If I wasn’t aware that Wavewulf was from New Jersey, I would’ve assumed somewhere different. Somewhere frustratingly non-specific and vague, like saying you’re ‘from London’ to someone who is also from London – that’s just not enough detail. Wavewulf is from Space, and no amount of conflicting information can convince me otherwise. He says he’s American, but would an alien reveal themselves to the public? No.
‘Space Art and Angels’, the latest release from the synth wizard, feels like it might be the soundtrack for a 90’s sci-fi novel. Ebbing and flowing and pulsing and jittering, a story is told. There is romance, as is heard through the aptly named My One True Love, alongside terror in Venus’s Winter Light III. Warring motifs like these make for a narrative journey, rather than a cobbled-together collection of works.
The use of real, analogue synths elicits a reaction that I imagine Wavewulf would be pleased with – they’re completely noticeable. Often instruments can get lost in a swamp of over-indulgent song writing, but not here. The synths are allowed to breathe and, in doing so, reveal a deft arranging touch. It can be all too easy to fall in to the trap of adding layer after layer after layer (especially in electronica), but Wavewulf has shown that restraint is a vital part of sculpting a believable fantasy.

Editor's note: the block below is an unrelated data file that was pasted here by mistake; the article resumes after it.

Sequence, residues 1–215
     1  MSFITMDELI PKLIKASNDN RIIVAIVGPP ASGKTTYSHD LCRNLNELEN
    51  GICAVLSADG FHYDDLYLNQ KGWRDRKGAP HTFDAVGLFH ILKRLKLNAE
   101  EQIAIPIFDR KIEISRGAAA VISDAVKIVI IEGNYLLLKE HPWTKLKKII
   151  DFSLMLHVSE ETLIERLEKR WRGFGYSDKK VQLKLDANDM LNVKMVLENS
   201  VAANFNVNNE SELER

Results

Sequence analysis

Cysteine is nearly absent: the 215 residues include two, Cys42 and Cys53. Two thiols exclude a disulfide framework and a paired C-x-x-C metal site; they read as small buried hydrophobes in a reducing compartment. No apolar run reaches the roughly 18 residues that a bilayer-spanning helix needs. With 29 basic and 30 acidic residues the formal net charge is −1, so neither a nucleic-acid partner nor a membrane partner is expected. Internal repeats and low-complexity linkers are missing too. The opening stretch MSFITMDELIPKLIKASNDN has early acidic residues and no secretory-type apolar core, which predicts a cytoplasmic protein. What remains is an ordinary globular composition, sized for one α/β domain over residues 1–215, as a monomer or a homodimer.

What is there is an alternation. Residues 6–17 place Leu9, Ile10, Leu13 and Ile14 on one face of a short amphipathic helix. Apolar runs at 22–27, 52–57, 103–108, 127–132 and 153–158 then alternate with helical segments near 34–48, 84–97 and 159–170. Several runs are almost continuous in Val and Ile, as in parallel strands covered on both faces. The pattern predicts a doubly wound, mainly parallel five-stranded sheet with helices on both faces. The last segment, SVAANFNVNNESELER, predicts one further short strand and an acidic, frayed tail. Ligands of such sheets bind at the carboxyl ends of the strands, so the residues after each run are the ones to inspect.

Wendy Carlos and Kraftwerk fans rejoice, this is something to bathe in. The textures sound considered and deliberate. Despite its off-world theme, the comfort provided by this album is real and oddly familiar. It’s like decades of sci-fi in film and on TV have given us the context we need to understand the otherworldly Wavewulf. If pop-culture weren’t filled with spaceships and time warps, nebulas and supernovas, maybe Wavewulf would be too confusing. But no, I understand it and I’m glad that I do. Feel free to reveal your true origins, Wavewulf, I know you aren’t from round here (and by ‘here’ I mean Earth).
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Words by PJ Kimber
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